Oklahoma tribal leaders defend gambling compacts
The Associated Press
OKLAHOMA CITY (AP) — The leaders of two Oklahoma-based Native American tribes defended on Wednesday their recent gambling compacts with the state and urged the U.S. Department of the Interior to approve them.
The chairmen of the Otoe-Missouria Tribe and the Comanche Nation outlined their positions in a 10-page legal memo sent to Secretary of the Interior David Bernhardt. The memo was in response to Attorney General Mike Hunter's formal opinion earlier this month that Gov. Kevin Stitt overstepped his legal authority by signing the compacts, which authorize games, such as sports gambling, not currently permitted under state law.
"The compacts are the product of good-faith negotiations with the state. They comply entirely with federal and state law, and they should be approved," Comanche Nation Chairman William Nelson, Sr. and Otoe-Missouria Tribe Chairman John Shotton wrote.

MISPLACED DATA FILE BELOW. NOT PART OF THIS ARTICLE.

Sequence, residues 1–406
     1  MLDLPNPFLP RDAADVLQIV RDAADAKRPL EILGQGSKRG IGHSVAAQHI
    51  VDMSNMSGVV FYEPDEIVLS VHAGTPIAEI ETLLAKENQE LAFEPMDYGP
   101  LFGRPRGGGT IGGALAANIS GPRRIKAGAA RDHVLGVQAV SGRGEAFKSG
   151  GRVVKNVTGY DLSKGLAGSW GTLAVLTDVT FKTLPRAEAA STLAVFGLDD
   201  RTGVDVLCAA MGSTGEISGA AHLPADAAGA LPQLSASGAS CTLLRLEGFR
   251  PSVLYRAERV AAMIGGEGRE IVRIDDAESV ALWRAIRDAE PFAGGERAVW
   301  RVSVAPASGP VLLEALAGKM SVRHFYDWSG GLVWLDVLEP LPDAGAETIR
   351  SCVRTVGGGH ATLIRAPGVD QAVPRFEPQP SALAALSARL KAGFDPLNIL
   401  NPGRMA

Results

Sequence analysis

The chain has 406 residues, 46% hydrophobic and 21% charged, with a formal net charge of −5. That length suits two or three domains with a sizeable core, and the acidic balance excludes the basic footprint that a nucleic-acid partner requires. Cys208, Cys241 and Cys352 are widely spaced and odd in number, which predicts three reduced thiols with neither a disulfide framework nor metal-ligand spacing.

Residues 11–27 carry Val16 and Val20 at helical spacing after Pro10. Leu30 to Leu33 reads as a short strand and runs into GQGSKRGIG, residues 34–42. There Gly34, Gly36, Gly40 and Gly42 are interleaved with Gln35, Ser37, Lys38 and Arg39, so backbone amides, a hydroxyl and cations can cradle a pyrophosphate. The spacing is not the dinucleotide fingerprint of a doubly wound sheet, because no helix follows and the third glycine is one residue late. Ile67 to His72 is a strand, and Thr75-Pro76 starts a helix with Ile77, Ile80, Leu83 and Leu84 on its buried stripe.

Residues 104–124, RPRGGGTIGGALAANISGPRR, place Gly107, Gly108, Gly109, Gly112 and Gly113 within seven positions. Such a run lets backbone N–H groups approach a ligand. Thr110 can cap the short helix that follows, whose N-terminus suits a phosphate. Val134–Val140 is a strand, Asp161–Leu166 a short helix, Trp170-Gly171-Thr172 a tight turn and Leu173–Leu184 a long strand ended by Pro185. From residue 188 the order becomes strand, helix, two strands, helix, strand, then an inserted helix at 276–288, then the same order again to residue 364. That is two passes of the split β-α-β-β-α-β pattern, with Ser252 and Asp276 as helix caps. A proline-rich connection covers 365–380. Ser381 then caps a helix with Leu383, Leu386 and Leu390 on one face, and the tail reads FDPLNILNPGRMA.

The memo cites several examples of compacts the agency has approved in recent years that address forms of gambling that aren't currently authorized under state law.
"It is entirely appropriate for a compact to include provisions regarding forms of gaming that are not yet legal, but may be in the future," the memo states.
The two leaders said failure to approve the compacts could make it more difficult for the state of Oklahoma to reach a settlement in a separate dispute with several other tribes about whether their existing compacts automatically renewed.